Most women have a pricey gown sitting in the back of their closet, unlikely to be worn again, or a stylish handbag they purchased for a special occasion but do not use anymore. However, there are cases when the issue is far more serious.
Janet Wu has been employed as an investment banker since she graduated from college, traveling to numerous countries and developing a wardrobe appropriate for the demands of her position as a successful career lady in high finance.
As she approached her thirties, Wu realized she lacked passion for her profession despite her economic success.
She traveled extensively throughout South America and witnessed firsthand the negative effects of excessive consumption and a lack of environmental concern.
Wu strongly desires to contribute to sustainable and ecologically friendly economic systems.
When she returned to Hong Kong, she began networking with other environmentally conscious businesses and eventually settled in San Francisco.
Having grown up in a community where suits and gowns were the norms, she no longer needs a wardrobe of costly formal wear.”
Wu was now confronted with all women’s dilemmas when they had an unused luxury dress in the closet.
The Bay Area has plenty of consignment businesses, but the return on the items sold through these companies is quite low.
Wu became interested in and concerned about economic sustainability, environmental impacts, and her overabundance of clothing, leading her to explore the “life cycle” of clothing.
She discovered some depressing information. The EPA reported that Americans discarded 13.2 million tons of textiles in 2010, with only 15% being recycled, according to Cassandra Casillas of Opposing Views USA.
An American discards about 80 pounds of clothing per year on average. Their determination of Wu to make a significant difference in the face of major environmental concerns increased.
The “sharing economy” has been gaining traction as the globe slowly shifts from resource surplus to resource scarcity, Wu told Republic.com in a December 12 interview.
This led to her creating an online, high-end clothes swap that would reduce environmental waste and recompense buyers for their old clothes.
Wu met Erin Wold in 2015 during a 4th of July cookout and pitched their concept to her.
After living in San Francisco for almost three years, he founded a company that provided designated driving services.
Wold was particularly interested in this company because a drunk driver struck her father, and he was still suffering the consequences of his injuries.
They both emphasize the purpose of a business, and when they discussed a clothes exchange concept, they realized they might be the right partners.
The prediction proved to be true, and by September of that year, SilkRoll had established a Facebook presence and was generating interest.
SilkRoll had an issue that most new firms face: a lack of inventory to meet growing demand.
The Business with a Purpose Podcast on May 15, 2018, revealed Wu and Wold’s first approach to this problem.”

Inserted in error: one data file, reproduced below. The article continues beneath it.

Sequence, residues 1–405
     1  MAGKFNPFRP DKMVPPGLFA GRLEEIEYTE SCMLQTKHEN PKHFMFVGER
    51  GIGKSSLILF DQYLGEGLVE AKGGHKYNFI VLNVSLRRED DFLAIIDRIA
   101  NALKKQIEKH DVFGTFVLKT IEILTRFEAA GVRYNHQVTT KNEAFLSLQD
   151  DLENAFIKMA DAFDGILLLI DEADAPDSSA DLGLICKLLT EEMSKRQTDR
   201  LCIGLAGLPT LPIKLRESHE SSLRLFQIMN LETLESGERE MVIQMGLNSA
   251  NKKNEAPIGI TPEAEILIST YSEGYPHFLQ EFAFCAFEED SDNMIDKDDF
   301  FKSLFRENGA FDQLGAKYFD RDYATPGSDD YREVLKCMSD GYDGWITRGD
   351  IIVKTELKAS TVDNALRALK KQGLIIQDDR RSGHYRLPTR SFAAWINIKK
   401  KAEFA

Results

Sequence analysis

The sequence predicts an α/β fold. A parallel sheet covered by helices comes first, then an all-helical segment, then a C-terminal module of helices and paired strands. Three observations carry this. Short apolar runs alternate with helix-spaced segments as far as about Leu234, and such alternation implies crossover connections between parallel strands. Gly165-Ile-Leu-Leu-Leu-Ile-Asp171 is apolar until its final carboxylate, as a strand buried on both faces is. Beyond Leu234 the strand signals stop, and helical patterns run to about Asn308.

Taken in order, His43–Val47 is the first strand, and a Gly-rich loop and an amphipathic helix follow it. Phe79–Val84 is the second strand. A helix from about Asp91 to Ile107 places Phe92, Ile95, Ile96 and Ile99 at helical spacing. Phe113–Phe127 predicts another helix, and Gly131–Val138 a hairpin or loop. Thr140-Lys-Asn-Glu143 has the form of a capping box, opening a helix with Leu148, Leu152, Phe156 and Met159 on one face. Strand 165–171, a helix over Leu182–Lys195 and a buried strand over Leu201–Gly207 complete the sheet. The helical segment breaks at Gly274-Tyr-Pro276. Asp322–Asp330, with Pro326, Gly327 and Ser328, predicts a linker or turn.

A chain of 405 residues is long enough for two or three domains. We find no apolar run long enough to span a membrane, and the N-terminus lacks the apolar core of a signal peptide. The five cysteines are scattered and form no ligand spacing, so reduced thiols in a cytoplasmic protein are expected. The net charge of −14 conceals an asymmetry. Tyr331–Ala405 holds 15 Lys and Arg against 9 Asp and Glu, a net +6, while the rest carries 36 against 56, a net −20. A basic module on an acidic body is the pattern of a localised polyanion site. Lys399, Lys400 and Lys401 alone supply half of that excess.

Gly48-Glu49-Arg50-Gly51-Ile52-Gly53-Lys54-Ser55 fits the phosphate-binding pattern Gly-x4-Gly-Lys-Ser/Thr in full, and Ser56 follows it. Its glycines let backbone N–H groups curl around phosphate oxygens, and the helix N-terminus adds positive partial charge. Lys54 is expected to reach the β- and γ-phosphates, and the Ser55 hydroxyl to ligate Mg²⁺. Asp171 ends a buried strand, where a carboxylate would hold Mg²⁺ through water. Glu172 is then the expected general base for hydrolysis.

Recognizing that many consignment retailers have extra inventory, they sent an email campaign to around 1,000 consignment stores offering to remove unwanted things.
In adjacent Walnut Creek, a single store had nearly 3,000 articles in a garage! Today, SilkRoll works with approximately 40 consignment retailers.
SilkRoll makes selling and buying simple. A shipping bag is given to customers who register online and create an account.
The company evaluates and assigns points to clothing and handbags within a week of receipt.
SilkRoll originally allowed points to be awarded solely based on retail value. However, it later added an assessment based on market demand, allowing high-demand items to earn double or triple points.
SilkRoll clothing and accessories can then be purchased using the points. Customers can either pay a 7% fee for transactions or subscribe to a monthly service that waives that fee. They can also purchase points if necessary.
SilkRoll concentrates on women’s clothing for the time being but may include men’s and children’s clothing and accessories, as well as sports gear and other items.
SilkRoll works with non-profits to recycle or upcycle products that cannot be resold on their website in harmony with their mission to extend the life of fashion.
What Is SilkRoll?
SilkRoll is a unique concept of garment and handbag swaps or trades, designed for those with an overflowing closet full of things that may no longer fit. It may be a formerly worn item that hasn’t been worn in years.
The SilkRoll program allows you to send clothes from high-end designer brands (free delivery is available) for Q points.
You can even have them valued if you want to determine how many Q points you will earn before submitting them online.
SilkRoll offers virtual currency called Q points, which can shop online for new clothing and accessories.
Moreover, you can exchange items directly with like-minded individuals via the store.
|Entrepreneur||Janet Wu And Erin Wold-Fettner|
|Product||A marketplace for clothing exchanges online|
|Investment Asking For||$250,000 For 3% equity in SilkRoll|
|Final Deal||No Deal|
|Episode||Season 10, Episode 17|
|Business Status||In Business|